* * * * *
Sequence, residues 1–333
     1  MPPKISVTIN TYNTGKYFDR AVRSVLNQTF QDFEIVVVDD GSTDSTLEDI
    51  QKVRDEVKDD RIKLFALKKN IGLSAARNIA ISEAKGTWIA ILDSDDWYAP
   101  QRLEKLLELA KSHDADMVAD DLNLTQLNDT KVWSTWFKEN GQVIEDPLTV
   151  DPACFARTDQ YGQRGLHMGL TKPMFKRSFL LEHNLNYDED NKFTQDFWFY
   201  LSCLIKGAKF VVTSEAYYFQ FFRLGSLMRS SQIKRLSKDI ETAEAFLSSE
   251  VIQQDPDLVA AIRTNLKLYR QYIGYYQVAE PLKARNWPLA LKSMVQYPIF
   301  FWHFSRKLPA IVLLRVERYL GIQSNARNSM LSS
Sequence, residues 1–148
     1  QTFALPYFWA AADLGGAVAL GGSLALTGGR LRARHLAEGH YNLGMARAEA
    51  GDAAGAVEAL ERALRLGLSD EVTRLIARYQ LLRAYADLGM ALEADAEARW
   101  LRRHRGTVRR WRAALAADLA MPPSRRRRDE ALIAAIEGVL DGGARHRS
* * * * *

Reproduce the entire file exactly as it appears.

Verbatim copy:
Sequence, residues 1–333
     1  MPPKISVTIN TYNTGKYFDR AVRSVLNQTF QDFEIVVVDD GSTDSTLEDI
    51  QKVRDEVKDD RIKLFALKKN IGLSAARNIA ISEAKGTWIA ILDSDDWYAP
   101  QRLEKLLELA KSHDADMVAD DLNLTQLNDT KVWSTWFKEN GQVIEDPLTV
   151  DPACFARTDQ YGQRGLHMGL TKPMFKRSFL LEHNLNYDED NKFTQDFWFY
   201  LSCLIKGAKF VVTSEAYYFQ FFRLGSLMRS SQIKRLSKDI ETAEAFLSSE
   251  VIQQDPDLVA AIRTNLKLYR QYIGYYQVAE PLKARNWPLA LKSMVQYPIF
   301  FWHFSRKLPA IVLLRVERYL GIQSNARNSM LSS
Sequence, residues 1–148
     1  QTFALPYFWA AADLGGAVAL GGSLALTGGR LRARHLAEGH YNLGMARAEA
    51  GDAAGAVEAL ERALRLGLSD EVTRLIARYQ LLRAYADLGM ALEADAEARW
   101  LRRHRGTVRR WRAALAADLA MPPSRRRRDE ALIAAIEGVL DGGARHRS